A report into whether Boris Johnson misled MPs over his partygate assurances will be published “promptly” after the former British prime minister’s decision to dramatically quit the Commons.
The Commons Privileges Committee said the cross-party panel of MPs will meet on Monday to complete its inquiry.
It comes after Mr Johnson launched a blistering attack on the Conservative-majority committee, comparing it to a “kangaroo court” and a “witch hunt”, as he announced his intention to stand down as an MP and trigger an immediate by-election.
In a statement, a spokesman said: “The committee has followed the procedures and the mandate of the House at all times and will continue to do so.
“Mr Johnson has departed from the processes of the House and has impugned the integrity of the House by his statement.
“The committee will meet on Monday to conclude the inquiry and to publish its report promptly.”
Mr Johnson had accused the probe, chaired by veteran Labour MP Harriet Harman, of “bias” and suggested it was attempting to use its investigation to “drive me out of Parliament” in a move he said was motivated by a desire to reverse Brexit.
Several reports have suggested the committee had ruled that Mr Johnson did lie to the Commons when he said that Covid rules were followed in Downing Street following reports that lockdown-busting parties were held during the pandemic.
The committee was said to be recommending a 10-day suspension from the Commons, a conclusion which would have resulted in a recall petition among his constituents and a potential by-election in his Uxbridge and South Ruislip constituency.
Mhairi Black, SNP deputy Westminster leader, said the former No 10 incumbent “jumped before he was pushed”.
The former Conservative Party leader’s announcement that he was quitting as an MP came only hours after his resignation honours list had been published, in which he gave peerages, knighthoods and damehoods to close allies.
Mr Johnson’s resignation means Rishi Sunak’s Tories face a tough battle to hold onto his old seat at an upcoming by-election.
Polling released by Savanta suggested Labour, which was 7,000 votes behind in second place at the 2019 election in Uxbridge, currently holds a 14-point lead over the Tories in Mr Johnson’s former west London constituency.
Even before Mr Johnson’s decision to stand down, the constituency was already in Labour’s top 100 target seats at the next election, which is expected to be held next year, as Sir Keir Starmer seeks a majority to put him into Downing Street.
The contest was the second by-election triggered on Friday following former UK culture secretary Nadine Dorries’ decision to quit the Commons immediately, rather than wait until the next election.
Mr Johnson said he was “stepping down forthwith” after receiving a letter from Ms Harman’s inquiry setting out its position.
However, he left the door open to making a return to frontline politics, saying he was leaving Parliament “for now”.
In a scathing attack on the Privileges Committee, he accused the MPs of producing a yet-to-be-published report “riddled with inaccuracies and reeks of prejudice” while providing him with “no formal ability to challenge anything they say”.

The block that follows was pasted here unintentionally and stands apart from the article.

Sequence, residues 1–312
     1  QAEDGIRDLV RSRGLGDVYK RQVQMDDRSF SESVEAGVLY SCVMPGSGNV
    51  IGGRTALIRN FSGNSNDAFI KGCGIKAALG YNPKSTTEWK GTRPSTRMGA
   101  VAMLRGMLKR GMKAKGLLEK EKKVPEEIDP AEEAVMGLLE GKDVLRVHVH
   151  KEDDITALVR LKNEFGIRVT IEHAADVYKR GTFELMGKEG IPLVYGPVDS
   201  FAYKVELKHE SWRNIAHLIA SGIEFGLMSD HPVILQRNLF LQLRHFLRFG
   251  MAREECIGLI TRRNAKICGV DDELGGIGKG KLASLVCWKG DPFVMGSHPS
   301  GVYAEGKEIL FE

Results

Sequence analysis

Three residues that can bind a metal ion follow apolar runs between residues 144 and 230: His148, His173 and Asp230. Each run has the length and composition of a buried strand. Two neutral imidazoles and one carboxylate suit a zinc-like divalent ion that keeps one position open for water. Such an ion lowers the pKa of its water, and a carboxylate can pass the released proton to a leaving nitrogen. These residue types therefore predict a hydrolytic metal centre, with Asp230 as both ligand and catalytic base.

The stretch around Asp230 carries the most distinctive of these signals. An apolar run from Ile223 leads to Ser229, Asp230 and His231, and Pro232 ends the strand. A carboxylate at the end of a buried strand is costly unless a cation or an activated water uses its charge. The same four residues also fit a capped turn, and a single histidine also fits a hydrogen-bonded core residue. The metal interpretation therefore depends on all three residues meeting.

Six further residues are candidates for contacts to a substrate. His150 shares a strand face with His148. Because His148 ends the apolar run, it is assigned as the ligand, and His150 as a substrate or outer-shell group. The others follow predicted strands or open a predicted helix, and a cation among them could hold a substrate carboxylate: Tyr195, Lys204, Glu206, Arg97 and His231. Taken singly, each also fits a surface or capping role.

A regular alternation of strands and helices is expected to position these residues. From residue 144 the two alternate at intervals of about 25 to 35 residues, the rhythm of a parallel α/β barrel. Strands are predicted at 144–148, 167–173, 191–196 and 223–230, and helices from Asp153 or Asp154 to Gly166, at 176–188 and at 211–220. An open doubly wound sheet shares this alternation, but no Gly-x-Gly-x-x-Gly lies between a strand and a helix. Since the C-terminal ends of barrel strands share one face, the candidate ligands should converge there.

“They know that I corrected the record as soon as possible; and they know that I and every other senior official and minister – including the current Prime Minister and then occupant of the same building, Rishi Sunak – believed that we were working lawfully together,” he said.
“I did not lie, and I believe that in their hearts the committee know it.”
He said he was “bewildered and appalled” at being “forced out, anti-democratically” by a probe that he claimed had set out from the beginning to “find me guilty, regardless of the facts”.
The Privileges Committee inquiry into Mr Johnson’s partygate comments is made up of seven MPs, with the four Tories – Sir Bernard Jenkin, Sir Charles Walker, Alberto Costa and Andy Carter – holding the majority.
Their inquiry took both written and oral evidence from Mr Johnson, along with other witnesses, with the former British leader giving testimony during a lengthy session held in March.
In his resignation statement, Mr Johnson was also critical of Mr Sunak’s administration, questioning the decision to increase taxes and abandoning the prospect of a free trade deal with the US.
But he said the Tory Party has the “time to recover its mojo and its ambition and to win the next election”.
Mr Johnson became prime minister four years after returning as an MP, having stood down as MP for Henley in 2008 after being elected mayor of London, replacing Theresa May in Downing Street in 2019.
His landslide election victory at that year’s snap winter general election allowed him to deliver on taking the UK out of the European Union.
Mr Johnson left office in September after repeated scandals including the partygate row over lockdown breaches in Downing Street, the Owen Paterson lobbying affair and his handling of complaints against former deputy chief whip Chris Pincher.
Deputy Labour leader Angela Rayner said the British public was “sick to the back teeth of this never ending Tory soap opera played out at their expense” as she urged voters to “turn the page with a fresh start” under a Labour government.
Liberal Democrat deputy leader Daisy Cooper said it was “good riddance” to Mr Johnson.